Brevity Blog’s Mini-Reality-Hunger-Festival

March 22, 2010 § 2 Comments


We suspected David Shields eccentric book Reality Hunger: A Manifesto would generate some buzz in the nonfiction world, but to be honest, we hadn’t anticipated so much buzz. He is everywhere these days, book reviews, giving interviews, speaking here and there.

It has been an interesting response to the book, beginning with pure praise and love, insightful reviews, and now generating the inevitable backlash.

So What do we at Brevity think of the book: It is fascinating, sharp, controversial, interesting.

How much of what he says do we agree with: About half.

Do we think truth still matters in nonfiction:  Yes, very much so.

Do we think the novel is dead: No.

Starting today, we are launching a Mini-Reality-Hunger-Festival here on the Brevity Blog.  Join us with your comments, or send us blogposts of your own (we welcome guest bloggers).  We’ll keep it running until the energy expires, which may be three days, a week, into next week, or until the Next Big Thing.

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§ 2 Responses to Brevity Blog’s Mini-Reality-Hunger-Festival

  • One of the reasons we may have a reality hunger is that what passes for reality on television is far from it. In fact, “reality” tv shows are probably more contrived than most other shows and create a skewered vision of what reality is and can be.
    We do have a hunger for reality, and that is for face to face contact with other human beings, for good conversation, laughter, vital presence. We sit in front of screens (as I’m doing now) for a good part of the day and type our words zapping them into cyberspace where they will join the cacophony of virtual communication.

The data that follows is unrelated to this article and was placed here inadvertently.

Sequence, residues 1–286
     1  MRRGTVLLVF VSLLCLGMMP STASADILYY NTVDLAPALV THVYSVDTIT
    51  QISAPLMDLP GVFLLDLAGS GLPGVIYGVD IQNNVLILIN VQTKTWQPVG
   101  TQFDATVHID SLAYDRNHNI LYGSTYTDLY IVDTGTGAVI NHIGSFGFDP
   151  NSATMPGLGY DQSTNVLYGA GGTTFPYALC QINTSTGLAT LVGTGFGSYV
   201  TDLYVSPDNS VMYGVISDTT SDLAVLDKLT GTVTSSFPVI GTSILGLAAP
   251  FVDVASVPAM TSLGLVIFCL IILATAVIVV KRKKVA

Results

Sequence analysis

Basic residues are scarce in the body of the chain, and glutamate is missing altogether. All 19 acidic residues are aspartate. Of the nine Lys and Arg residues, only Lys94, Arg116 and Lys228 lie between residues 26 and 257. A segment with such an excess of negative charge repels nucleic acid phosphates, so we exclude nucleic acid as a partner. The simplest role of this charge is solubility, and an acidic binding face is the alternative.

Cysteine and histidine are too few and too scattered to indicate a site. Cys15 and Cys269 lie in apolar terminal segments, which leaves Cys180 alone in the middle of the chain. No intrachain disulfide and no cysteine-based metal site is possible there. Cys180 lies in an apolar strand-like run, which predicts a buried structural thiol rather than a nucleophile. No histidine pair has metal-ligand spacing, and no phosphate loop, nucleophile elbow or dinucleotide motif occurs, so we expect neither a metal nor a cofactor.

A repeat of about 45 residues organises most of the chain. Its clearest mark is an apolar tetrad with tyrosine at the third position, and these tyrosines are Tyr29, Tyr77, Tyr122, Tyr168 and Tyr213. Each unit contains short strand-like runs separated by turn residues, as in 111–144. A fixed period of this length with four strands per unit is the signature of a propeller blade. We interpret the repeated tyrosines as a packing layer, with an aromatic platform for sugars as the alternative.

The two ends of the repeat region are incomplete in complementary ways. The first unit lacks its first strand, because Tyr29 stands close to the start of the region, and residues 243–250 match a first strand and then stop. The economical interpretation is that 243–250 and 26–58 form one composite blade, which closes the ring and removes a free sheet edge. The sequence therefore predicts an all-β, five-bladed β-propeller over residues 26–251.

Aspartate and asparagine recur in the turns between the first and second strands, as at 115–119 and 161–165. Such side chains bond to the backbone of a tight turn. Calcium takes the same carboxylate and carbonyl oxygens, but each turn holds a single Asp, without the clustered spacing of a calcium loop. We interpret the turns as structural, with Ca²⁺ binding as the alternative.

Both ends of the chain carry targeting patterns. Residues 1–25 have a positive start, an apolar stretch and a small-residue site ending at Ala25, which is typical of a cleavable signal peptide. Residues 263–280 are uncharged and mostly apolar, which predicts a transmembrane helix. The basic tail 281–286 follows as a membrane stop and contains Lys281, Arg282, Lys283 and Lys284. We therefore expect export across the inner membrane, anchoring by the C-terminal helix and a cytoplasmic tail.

• Nancy Kael says:

    I couldn’t agree more about the “disappearance” of real conversation, LOL tha we can hear, or others hear ours, if the joke being ciruclated is truly funny. On the other hand, as a single older person, learning to “live alone” my “email friends” (real friends from the past) have been a lifesaver for me, to vent or almost cry on their shoulder, at any time of the day or night.

    But I fear for younger people that all of the technology is taking the place of good old fashioned back fence, or as we do in the country “driver to driver” hello and how’s the weather, and real friends sitting across from you having tea, not in front of you on your screen. We edit ourselves very differently when “composing”our emails, maybe even those who “twitter” than what we might say or hear in tone, or see in body langueage, in a real face to face visit.

    And oh, we miss out on all the smiles that we both need to project and to receive.

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